Functional pancreatic acinar cell carcinoma extending into the main pancreatic duct and splenic vein

Mineo Iwatate, Hiroyuki Matsubayashi, Keiko Sasaki, Naoki Kishida, Shusuke Yoshikawa, Hiroyuki Ono, Anirban Maitra

Research output: Contribution to journalArticlepeer-review

8 Scopus citations


Introduction: Pancreatic acinar cell carcinoma (ACC) has several unique characteristics, such as its progression pattern, spreading into the pancreatic duct and large blood vessels, and its secretion of pancreatic exocrine enzymes, which induces a paraneoplastic syndrome. Case Report: A 79-year-old Japanese man, with medical history of chronic renal failure, was referred to our institution for the examination of his abdominal pain and hyperglycemia. Plain computed tomography demonstrated a mass lesion, 4 cm in diameter, in the body of pancreas. Abdominal ultrasonogram demonstrated a bulky, hypoechoic mass extending into the splenic vein. Multiple hepatic nodules were detected on suspicion of metastasis. Positron emission tomography using 18F- fluorodeoxyglucoase revealed the tumor extended towards the pancreatic head through the main pancreatic duct. We obtained the tumor tissues from the pancreatic body using endoscopic ultrasound-guided fine-needle aspiration biopsy. Pathological diagnosis, supported by immunohistochemistry, was that of an ACC. In the follow-up period, he complained of subcutaneous nodules and arthralgia on his lower legs. Serum and intra-articular lipase levels were elevated, 6,420 I/U and 594 I/U, respectively. Histology of the skin lesion at the knee joint showed necrotizing panniculitis with eosinophilic infiltration. The patient was treated with weekly gemcitabine, but succumbed to acute respiratory distress unexpectedly 2 months after the initial diagnosis.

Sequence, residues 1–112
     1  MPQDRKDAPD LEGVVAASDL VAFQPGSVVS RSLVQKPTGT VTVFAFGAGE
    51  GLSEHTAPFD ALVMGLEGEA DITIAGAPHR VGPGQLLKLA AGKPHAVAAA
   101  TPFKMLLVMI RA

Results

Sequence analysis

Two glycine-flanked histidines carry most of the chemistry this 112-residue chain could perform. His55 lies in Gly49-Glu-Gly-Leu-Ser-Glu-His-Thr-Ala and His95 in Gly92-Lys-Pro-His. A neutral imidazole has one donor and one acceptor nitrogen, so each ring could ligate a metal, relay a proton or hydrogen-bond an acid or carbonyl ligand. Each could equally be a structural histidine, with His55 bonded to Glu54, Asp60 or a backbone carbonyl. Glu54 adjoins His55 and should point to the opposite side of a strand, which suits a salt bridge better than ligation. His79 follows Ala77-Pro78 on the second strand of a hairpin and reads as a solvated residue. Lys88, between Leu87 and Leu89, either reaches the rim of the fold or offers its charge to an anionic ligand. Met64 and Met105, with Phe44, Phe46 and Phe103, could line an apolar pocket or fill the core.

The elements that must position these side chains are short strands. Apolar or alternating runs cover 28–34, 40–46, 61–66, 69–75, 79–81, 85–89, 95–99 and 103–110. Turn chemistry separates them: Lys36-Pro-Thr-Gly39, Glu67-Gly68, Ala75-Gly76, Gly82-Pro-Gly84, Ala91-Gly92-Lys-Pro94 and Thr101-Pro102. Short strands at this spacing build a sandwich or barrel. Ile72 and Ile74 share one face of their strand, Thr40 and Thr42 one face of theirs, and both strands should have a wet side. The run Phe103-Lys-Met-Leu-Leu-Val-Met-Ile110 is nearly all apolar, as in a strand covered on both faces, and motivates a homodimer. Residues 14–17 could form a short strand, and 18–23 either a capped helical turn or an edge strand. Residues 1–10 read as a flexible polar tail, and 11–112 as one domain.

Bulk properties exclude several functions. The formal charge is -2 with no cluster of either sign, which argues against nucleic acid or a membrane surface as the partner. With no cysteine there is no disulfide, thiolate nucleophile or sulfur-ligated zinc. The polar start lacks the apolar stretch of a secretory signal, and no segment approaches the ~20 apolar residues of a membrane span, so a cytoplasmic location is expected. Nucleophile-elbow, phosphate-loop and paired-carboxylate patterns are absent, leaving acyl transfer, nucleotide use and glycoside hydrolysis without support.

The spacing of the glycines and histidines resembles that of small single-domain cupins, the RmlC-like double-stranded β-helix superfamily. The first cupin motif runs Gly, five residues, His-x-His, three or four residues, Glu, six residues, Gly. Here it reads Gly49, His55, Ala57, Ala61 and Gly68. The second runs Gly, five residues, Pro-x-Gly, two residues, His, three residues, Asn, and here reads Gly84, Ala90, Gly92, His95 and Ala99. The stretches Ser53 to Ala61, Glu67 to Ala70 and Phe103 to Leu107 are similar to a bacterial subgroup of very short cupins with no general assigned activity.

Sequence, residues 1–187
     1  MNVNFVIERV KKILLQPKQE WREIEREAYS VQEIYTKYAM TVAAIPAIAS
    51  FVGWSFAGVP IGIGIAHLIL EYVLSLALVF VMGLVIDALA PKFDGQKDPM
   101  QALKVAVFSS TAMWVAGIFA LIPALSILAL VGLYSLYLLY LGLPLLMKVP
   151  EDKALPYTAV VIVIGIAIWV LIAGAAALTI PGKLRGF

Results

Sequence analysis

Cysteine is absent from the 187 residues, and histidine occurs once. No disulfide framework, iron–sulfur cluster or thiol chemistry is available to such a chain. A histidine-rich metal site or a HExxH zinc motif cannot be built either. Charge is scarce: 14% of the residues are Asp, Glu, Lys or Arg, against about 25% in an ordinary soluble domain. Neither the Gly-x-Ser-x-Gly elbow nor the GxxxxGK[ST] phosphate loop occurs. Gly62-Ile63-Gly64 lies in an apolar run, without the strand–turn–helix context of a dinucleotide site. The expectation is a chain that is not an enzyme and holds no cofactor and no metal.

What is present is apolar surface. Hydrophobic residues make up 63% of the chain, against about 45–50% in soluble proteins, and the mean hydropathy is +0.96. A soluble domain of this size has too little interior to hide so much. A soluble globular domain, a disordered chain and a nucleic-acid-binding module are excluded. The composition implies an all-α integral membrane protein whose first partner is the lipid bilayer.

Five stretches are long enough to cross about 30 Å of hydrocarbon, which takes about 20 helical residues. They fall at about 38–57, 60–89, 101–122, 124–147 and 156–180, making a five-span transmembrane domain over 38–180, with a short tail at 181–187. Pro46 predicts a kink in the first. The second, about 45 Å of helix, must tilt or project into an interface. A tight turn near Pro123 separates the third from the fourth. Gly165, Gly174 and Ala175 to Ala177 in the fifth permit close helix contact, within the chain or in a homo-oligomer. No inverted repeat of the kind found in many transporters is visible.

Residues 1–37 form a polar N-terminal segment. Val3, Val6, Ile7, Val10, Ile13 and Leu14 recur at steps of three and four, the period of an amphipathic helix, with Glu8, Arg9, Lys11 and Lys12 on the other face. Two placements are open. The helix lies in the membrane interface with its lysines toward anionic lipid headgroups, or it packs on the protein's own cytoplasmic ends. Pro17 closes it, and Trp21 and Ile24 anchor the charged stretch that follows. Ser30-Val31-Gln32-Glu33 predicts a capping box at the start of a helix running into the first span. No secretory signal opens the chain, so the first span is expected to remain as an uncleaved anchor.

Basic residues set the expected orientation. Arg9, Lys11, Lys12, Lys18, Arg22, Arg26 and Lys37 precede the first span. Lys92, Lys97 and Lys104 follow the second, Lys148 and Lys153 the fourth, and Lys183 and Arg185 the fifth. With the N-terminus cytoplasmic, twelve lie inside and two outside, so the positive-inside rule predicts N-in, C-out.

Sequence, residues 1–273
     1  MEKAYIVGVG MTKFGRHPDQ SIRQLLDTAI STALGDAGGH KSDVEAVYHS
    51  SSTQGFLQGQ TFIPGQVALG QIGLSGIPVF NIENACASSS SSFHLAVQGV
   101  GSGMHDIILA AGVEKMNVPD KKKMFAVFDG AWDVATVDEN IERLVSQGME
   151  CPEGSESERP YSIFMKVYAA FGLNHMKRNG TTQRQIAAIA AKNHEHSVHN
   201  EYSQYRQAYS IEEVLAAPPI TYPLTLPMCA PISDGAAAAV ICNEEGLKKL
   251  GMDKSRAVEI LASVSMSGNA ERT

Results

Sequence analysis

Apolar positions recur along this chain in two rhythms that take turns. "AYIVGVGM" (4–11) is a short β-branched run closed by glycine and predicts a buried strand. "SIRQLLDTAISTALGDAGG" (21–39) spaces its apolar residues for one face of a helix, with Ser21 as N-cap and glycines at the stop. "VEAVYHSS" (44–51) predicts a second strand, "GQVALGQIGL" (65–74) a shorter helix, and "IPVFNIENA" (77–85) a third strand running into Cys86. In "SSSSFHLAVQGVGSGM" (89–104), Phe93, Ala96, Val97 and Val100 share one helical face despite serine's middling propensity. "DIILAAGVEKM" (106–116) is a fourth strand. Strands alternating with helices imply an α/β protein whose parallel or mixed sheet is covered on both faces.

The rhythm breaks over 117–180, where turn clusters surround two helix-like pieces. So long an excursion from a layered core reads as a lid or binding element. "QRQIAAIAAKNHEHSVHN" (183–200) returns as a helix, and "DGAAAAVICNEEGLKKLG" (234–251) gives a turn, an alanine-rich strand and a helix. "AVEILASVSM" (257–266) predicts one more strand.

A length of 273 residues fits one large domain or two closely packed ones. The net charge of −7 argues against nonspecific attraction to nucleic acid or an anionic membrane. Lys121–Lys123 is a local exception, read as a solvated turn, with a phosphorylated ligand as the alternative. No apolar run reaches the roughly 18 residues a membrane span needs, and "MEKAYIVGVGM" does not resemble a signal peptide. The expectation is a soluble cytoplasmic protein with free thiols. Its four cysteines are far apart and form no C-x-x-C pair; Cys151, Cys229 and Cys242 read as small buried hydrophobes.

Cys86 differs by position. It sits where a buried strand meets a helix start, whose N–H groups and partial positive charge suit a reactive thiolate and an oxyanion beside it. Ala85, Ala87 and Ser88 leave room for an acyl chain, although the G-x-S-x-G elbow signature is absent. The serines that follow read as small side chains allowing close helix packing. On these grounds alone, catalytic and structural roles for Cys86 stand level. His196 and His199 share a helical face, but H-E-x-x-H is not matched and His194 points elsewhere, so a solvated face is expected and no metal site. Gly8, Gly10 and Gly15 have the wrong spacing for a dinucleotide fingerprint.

Original languageEnglish (US)
Pages (from-to)373-378
Number of pages6
JournalJournal of Gastrointestinal Cancer
Issue number2
StatePublished - Jun 2012


  • Acinar cell carcinoma
  • Paraneoplastic syndrome
  • Progression pattern

ASJC Scopus subject areas

  • Gastroenterology
  • Oncology


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